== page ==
Paying for other people to care for my children whilst I worked my ass off for free for 4 months – that’s what hurt the most. It dawned on me as I dropped Blake of at his carers house with tears in my eyes, that I was not cut out to be a working mum. Certainly not cut out for work that meant that neither Brian or I would be able to take care of our babies during the day. Every week, I desperately wished that I didn’t have to put our family through this process and I felt very selfish to be doing it… even though everyone kept telling me it was for the best.

I missed my babies more than I thought I could. Although it was nice at times to have intelligent conversation and to pee in peace, those were benefits I would have happily done without if it has meant that I didn’t need to do this work placement. I really resented it, it ate at me every day. I didn’t like that working took so much of my energy and time away from the kids. I barely had any left for anyone else and all I could do was count down my hours knowing that eventually it would be all over and life could return to normal.

The other big issue was that I didn’t only have the placement to complete to satisfy my course requirements; I had mountains of reflective essays to write and a portfolio to organise, projects to run and workshops to attend. All this whilst trying to mother my children, maintain a house, participate in 2 mothers groups, spend time with family, be wifely and supportive of my husband, sacrifice many personal wants and needs and try to sleep. We had some HARD days in this house. REALLY HARD DAYS. The entire experience took a toll on our family that we really didn’t need after a difficult first 6 months after Blake was born (more on that in a future post). I know neither of us realised just how much of an effect having me out of the house part-time would make on our family life. I am certainly looking forward to a more peaceful home and more naps now that uni is over.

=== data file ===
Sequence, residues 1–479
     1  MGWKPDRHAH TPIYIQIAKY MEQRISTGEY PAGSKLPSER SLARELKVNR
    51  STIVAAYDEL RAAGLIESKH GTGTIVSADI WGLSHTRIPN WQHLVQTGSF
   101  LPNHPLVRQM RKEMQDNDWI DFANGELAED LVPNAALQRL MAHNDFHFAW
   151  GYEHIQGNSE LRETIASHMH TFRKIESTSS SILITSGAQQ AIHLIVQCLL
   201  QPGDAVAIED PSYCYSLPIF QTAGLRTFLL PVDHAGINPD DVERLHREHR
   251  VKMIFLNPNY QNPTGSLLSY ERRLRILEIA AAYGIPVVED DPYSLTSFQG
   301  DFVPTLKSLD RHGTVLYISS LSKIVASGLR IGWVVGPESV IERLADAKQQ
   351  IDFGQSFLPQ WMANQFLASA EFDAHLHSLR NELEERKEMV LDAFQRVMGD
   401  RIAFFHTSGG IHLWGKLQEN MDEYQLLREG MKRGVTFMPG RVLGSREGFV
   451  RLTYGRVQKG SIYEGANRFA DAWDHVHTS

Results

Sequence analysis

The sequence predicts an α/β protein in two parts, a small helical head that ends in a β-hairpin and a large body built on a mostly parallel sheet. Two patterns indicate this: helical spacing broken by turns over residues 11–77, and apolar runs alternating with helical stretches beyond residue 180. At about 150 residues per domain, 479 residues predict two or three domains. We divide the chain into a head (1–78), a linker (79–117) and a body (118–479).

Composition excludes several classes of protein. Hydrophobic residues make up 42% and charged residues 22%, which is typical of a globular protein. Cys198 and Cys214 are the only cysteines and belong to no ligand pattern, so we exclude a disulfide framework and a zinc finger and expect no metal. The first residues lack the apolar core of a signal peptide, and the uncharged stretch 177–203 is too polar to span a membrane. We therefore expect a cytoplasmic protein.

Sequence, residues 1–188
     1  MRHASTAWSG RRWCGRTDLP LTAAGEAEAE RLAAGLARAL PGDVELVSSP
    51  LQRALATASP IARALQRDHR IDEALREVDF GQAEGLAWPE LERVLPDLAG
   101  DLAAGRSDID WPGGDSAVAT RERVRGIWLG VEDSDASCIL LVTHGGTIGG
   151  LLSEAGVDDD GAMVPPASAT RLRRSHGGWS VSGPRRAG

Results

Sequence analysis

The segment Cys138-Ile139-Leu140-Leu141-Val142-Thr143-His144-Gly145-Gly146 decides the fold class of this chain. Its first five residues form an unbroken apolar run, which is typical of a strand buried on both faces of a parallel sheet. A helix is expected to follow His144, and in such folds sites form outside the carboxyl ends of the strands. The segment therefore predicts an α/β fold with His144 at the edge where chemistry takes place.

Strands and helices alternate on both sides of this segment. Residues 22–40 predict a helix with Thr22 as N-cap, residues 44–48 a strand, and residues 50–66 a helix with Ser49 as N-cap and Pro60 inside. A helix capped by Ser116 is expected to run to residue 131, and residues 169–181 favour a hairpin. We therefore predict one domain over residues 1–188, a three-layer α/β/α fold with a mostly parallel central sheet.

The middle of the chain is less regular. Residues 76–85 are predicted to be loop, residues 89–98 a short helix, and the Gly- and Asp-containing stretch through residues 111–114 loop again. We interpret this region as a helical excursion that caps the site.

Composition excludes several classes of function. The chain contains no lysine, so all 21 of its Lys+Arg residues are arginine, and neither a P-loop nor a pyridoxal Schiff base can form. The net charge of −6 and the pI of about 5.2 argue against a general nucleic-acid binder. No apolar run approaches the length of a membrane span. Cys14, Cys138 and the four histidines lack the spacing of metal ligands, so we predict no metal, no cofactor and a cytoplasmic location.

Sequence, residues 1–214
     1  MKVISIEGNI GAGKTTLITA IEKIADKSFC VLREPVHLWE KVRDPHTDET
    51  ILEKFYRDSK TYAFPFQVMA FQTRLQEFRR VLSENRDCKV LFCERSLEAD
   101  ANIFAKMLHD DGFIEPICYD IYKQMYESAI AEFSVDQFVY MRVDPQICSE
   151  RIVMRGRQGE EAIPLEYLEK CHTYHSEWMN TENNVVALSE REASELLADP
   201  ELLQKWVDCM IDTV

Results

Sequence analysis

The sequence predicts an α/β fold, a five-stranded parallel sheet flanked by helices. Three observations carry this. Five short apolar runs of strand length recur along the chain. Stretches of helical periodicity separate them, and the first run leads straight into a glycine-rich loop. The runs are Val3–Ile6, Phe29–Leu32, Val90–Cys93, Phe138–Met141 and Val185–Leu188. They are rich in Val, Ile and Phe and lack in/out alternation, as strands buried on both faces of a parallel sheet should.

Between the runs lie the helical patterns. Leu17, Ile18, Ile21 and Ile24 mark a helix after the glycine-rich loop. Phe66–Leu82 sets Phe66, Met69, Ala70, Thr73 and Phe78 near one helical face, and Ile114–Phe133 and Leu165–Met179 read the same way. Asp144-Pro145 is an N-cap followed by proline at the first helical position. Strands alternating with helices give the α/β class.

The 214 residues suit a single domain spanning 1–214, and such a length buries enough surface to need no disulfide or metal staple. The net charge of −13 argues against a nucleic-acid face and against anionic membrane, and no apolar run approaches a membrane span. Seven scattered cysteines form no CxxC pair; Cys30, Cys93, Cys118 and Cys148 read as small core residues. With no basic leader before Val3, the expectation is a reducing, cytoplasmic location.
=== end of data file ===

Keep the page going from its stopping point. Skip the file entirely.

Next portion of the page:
And it is over. I was quite stressed in my final weeks of the semester as I was writing my portfolio and written reflections. My lecturer had deliberately been quite vague in her expectations of this assessment in order for us to strive for higher standards I assume. I was certain that I had either done too little or too much ;). However, an agonising fortnight after submitting my final assessment I received some welcome news from my lecturer that she wanted to use my portfolio as an example to show future students! This was such a relief and meant that I had passed my unit and therefore my degree.

So after all that, call me crazy, but I am still a studying mama. I have a Childbirth Education course to complete and I have applied for a Midwifery degree for next year. I will find out soon whether I have been accepted but if I am, I will more than likely defer the degree for a little while. I need some time at home, with my babies and my husband first; I need sleep and I need peace.

Oh and by the way, our breastfeeding relationship did survive. 14 months and still going strong 🙂